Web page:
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Statutory rape is prosecuted under Tennessee’s rape and sexual battery laws.

Penalties include a fine of up to $5,000, at least two (and up to 12) years in prison, or both. Code §§ 39-13-506, 40-35-111.) State law requires, in addition to the applicable fines and prison time, that people convicted of certain instances of statutory rape must register as sex offenders.

Defendants charged with statutory rape have the usual defenses available to all criminal defendants, such as “Someone else committed this crime,” or “The alleged conduct did not occur.” But, under Tennessee law, some other defenses can apply to statutory rape cases.

Rape of a child includes sexual penetration (however slight, with a body part or object), including vagina, oral, or anal sex, with a minor who is younger than 13 years old. Penalties include a fine of up to $50,000, at least 15 (and up to 60) years in prison, or both. Code §§ 39-13-522, 40-35-111 (2017).) Aggravated sexual battery includes sexual contact (sexual touching—even over clothing— for sexual gratification) with a minor who is younger than 13 years old. Penalties include a fine of up to $25,000, at least eight (and up to 30) years in prison, or both. Code §§ 39-13-504, 40-35-111 (2017).) Statutory rape includes sexual penetration, including oral and anal sex, with a child who is at least 13, and a defendant who is at least four years older than the victim; or when the victim is at least 15 and the defendant is more than five (but less than ten) years older. Penalties include a fine of up to $3,000, at least one (and up to six) years in prison, or both.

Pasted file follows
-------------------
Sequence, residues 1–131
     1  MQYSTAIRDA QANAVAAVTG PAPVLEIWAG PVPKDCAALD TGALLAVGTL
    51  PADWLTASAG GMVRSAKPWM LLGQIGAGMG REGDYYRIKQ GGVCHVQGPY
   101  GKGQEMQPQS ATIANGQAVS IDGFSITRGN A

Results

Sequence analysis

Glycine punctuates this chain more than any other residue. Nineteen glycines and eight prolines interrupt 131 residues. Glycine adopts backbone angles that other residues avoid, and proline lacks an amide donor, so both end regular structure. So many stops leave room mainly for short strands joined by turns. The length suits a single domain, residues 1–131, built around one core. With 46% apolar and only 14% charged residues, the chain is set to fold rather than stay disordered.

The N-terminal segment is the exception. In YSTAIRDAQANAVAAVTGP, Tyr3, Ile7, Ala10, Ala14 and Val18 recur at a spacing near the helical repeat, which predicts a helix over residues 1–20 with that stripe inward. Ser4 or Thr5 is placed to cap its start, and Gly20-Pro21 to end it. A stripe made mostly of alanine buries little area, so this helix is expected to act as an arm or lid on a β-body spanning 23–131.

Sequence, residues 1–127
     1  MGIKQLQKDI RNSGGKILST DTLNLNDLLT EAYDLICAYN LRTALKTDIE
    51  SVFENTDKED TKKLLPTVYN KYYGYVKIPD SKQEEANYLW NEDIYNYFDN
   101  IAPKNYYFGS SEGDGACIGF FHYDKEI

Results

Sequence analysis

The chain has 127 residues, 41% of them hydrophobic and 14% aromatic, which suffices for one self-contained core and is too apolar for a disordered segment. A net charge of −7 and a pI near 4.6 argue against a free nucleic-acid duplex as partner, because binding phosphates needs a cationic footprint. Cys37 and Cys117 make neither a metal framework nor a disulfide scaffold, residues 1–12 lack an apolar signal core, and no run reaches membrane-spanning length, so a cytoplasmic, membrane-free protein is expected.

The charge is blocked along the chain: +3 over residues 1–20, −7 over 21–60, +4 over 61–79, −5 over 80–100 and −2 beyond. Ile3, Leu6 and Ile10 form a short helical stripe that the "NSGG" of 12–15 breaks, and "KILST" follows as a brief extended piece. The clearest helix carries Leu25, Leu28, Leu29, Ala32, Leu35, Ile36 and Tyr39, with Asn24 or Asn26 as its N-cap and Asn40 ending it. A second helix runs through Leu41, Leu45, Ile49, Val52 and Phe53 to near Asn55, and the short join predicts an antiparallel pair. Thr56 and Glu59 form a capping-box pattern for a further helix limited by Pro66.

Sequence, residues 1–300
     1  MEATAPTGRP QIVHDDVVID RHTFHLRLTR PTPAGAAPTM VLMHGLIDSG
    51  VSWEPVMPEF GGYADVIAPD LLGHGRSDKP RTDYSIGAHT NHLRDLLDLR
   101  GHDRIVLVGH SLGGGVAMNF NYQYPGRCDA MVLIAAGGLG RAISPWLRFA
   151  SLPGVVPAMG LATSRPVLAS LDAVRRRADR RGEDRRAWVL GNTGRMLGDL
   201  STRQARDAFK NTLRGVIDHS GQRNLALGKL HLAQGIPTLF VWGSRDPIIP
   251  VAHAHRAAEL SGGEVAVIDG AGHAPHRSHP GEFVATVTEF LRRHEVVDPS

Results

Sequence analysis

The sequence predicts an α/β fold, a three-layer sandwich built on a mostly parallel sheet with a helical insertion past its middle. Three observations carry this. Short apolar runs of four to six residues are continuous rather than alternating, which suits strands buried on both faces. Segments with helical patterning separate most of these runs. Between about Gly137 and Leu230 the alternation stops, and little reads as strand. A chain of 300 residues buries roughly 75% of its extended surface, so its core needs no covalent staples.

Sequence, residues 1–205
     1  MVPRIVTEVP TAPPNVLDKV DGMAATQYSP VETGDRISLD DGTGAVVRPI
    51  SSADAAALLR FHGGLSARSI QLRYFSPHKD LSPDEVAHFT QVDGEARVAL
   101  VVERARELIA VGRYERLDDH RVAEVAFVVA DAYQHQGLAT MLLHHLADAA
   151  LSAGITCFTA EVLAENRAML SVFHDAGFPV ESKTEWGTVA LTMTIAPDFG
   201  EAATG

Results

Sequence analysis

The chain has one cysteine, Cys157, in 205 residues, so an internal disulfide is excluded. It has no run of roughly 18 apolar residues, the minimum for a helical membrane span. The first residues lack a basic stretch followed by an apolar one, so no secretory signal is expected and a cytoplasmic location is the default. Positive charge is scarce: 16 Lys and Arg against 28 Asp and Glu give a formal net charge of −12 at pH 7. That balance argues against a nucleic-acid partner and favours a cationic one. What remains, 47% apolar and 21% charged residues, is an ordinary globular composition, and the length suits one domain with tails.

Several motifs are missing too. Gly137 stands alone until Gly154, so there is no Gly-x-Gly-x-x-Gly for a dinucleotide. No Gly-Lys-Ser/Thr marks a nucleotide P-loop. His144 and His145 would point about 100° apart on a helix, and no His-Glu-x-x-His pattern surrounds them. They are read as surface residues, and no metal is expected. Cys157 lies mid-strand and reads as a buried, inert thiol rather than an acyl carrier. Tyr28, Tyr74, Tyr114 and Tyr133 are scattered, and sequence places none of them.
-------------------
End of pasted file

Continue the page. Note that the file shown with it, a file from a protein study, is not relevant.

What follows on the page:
However, this offense is a Class D felony if the victim is at least 13 and the defendant is ten or more years older.

Though statutory rape does not require that the prosecutor prove an assault, it is still rape.

Of course, rape that does involve force or an assault is illegal in Tennessee and prosecuted as forcible rape.

Those who break the law have committed statutory rape.

Statutory rape laws are premised on the assumption that minors are incapable of giving informed consent to sexual activities.

Named after Shakespeare’s young lovers, “Romeo and Juliet” exceptions are intended to prevent serious criminal charges against teenagers who engage in consensual sex with others close to their own age.

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